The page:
Karlskrona - (Admiralty church)

Karlskrona - (n with preacher)

Karlskrona - (main square carpark)

There were a lot of other places of interest to see, but time was pressing on and we wanted to arrive at our next aire before nightfall.  After months of midnight sun and long, bright evenings, we were struggling a little with the sudden arrival of dark, gloomy nights.  Sweden in sunshine has been the perfect outdoor playground for us, our favourite country for swimming, hiking and canoeing, but in dreary, persistent rain under dull, grey skies, it holds only the sadness of potential unfulfilled.  We drove out of the town on the main road to Malmö and turned west, before cutting south on a small road to reach the island of Almö.  A large portion of this thin island was designated as a protected nature reserve and we had hopes the weather would lighten up and allow us to explore it, at least a little.

Almo island - (rocky headland)

We found a grassy aire with its own beach and direct access to walking paths to the south, and decided to sit here a few days as we awaited some drier weather.  We undertook a short walk on the first night, to take in our local surroundings.  The moss-covered rocks and tall, twisted trees tangled with pistachio-coloured lichen had the feel of an ancient landscape, something from the age of dinosaurs.  We followed the well-worn footpaths that led to areas fully set up with fire-pits and makeshift benching; clearly a popular summer hang-out on the shores of the lake, but there was no one here but us on this damp, grey September day.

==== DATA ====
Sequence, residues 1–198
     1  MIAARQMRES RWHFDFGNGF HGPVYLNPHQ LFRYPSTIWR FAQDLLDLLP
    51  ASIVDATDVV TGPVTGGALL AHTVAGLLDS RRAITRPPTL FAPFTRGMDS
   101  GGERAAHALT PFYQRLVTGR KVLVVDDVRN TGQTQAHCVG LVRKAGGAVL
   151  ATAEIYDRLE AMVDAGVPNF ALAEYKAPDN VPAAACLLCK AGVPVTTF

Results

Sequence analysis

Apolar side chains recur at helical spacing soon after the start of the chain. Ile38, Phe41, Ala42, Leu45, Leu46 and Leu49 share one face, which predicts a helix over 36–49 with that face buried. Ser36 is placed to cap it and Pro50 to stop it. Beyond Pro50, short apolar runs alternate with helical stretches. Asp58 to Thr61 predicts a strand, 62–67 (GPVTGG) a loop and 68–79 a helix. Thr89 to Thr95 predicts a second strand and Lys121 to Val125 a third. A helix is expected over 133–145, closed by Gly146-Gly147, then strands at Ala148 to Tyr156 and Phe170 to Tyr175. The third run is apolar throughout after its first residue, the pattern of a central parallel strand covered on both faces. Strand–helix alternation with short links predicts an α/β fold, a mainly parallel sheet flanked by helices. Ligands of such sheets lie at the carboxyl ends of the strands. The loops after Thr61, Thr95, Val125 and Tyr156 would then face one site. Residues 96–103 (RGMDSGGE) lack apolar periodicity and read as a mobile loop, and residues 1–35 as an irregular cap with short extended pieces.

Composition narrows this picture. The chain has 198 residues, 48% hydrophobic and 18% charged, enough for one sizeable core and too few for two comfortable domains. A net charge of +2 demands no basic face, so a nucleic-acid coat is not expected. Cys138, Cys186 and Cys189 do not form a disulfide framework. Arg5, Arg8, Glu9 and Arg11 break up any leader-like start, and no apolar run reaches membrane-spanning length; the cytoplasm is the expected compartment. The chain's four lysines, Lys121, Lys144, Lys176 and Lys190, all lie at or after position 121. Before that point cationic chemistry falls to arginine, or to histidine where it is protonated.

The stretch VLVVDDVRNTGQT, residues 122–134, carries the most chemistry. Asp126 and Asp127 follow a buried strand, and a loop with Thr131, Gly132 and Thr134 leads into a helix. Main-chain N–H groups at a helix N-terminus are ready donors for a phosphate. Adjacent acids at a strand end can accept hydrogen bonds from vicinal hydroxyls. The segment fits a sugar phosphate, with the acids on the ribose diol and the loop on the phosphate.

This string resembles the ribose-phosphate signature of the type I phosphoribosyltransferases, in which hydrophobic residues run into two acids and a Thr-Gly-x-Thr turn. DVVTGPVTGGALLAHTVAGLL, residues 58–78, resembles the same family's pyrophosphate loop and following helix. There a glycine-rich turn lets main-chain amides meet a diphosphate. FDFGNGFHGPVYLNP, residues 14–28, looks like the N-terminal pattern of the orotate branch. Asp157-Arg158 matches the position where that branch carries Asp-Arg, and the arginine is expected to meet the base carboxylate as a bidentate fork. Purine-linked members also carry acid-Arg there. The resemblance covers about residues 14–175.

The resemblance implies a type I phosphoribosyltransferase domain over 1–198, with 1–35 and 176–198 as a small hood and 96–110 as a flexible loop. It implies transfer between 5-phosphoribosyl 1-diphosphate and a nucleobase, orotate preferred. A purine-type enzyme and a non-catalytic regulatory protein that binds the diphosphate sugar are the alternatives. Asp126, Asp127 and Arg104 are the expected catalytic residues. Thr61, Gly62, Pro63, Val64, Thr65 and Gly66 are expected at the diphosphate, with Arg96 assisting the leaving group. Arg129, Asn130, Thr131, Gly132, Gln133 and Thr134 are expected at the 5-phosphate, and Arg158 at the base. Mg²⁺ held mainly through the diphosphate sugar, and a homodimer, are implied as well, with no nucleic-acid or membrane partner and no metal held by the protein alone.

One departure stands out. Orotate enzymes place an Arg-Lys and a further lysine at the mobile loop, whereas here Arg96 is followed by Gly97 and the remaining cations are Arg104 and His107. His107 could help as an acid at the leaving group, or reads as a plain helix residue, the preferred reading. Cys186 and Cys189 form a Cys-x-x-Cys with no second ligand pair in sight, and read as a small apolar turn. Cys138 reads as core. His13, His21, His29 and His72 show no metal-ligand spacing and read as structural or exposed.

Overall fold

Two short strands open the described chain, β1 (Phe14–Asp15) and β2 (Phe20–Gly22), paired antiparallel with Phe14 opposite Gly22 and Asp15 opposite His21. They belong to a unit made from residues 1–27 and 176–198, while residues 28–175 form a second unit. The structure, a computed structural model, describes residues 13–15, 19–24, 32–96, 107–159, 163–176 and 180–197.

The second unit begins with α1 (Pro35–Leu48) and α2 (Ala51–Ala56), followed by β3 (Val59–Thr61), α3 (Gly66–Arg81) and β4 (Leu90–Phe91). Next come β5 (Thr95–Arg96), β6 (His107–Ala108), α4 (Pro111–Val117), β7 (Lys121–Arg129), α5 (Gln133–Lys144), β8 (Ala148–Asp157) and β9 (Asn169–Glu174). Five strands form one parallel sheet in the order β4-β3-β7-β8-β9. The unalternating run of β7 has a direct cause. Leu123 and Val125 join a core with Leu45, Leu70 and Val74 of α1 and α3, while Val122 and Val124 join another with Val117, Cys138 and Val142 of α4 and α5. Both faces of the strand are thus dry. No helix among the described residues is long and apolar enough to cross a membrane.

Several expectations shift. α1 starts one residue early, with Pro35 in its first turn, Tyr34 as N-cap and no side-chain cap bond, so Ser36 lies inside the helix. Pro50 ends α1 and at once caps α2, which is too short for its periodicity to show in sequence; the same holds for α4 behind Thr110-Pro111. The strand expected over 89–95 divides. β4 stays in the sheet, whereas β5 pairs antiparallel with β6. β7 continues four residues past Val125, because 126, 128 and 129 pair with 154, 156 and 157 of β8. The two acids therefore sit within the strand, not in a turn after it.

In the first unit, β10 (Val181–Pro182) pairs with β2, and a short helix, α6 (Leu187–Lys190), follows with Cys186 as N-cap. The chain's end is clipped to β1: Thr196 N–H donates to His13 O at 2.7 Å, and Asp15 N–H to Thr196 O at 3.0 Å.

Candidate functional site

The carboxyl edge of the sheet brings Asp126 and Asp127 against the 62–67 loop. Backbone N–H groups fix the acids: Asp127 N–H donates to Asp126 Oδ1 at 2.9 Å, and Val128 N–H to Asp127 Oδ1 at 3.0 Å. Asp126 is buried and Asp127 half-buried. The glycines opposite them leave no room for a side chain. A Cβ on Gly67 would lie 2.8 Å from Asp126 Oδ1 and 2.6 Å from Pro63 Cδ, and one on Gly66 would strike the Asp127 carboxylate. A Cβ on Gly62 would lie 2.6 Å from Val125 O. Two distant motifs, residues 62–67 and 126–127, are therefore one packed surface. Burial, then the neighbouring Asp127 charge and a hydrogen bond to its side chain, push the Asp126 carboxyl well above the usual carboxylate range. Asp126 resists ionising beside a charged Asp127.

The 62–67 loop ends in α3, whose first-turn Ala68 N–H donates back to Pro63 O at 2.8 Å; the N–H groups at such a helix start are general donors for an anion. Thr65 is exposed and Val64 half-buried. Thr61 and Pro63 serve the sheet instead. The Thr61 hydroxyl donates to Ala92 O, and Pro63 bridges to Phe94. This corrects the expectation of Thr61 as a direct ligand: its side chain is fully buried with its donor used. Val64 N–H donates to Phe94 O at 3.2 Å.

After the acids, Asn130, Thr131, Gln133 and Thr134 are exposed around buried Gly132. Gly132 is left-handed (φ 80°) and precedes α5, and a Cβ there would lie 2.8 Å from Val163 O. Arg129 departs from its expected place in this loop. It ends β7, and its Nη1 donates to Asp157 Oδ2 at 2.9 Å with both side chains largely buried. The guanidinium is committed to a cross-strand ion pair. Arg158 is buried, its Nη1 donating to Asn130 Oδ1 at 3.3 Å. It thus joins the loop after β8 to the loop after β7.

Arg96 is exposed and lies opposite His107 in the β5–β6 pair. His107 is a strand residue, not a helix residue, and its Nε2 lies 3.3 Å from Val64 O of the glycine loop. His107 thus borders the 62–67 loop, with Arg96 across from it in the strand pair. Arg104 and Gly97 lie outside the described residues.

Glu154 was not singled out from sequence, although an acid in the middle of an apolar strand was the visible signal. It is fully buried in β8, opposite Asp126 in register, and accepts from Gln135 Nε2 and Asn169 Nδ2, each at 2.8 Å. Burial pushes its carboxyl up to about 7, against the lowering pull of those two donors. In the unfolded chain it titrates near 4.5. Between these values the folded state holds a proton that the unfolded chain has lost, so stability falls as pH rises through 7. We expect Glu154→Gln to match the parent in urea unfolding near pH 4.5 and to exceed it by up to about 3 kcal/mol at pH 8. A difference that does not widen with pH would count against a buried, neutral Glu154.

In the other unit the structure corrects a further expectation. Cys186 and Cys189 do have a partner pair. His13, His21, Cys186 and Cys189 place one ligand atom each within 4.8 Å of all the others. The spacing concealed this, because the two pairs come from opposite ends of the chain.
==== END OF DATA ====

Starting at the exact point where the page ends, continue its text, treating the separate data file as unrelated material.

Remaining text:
Almo island - (a on walk)

Almo island - (rocky moss)

We had a longer walk the next day, following the rocky, moss-covered coastal path past several fenced off military zones and through more dark trees heavy with hanging lichen.  We saw and picked blackberries, a reminder we were at the beginning of autumn.  Some trees were beginning to turn, a hint of golden yellow on their leaves.  We reached a long causeway at the end of the Nature Reserve that led to the next island, but there was no obvious way to walk further other than on the road, so instead we turned and retraced our steps along the rugged coast.  We considered a swim in the chilled, choppy lake, but on this occasion our lazy sides prevailed and we opened a bottle instead.

Almo island - (lakeside wander)

After a slow morning under more rain clouds, we slowly packed up and left the grassy aire, heading on westwards, in search of a quiet campsite to sit out the weather in relative comfort.  After some deliberation, we headed in the direction of Långasjönös, a nearby ACSI campsite, with our committed intention of relaxing there for a little while.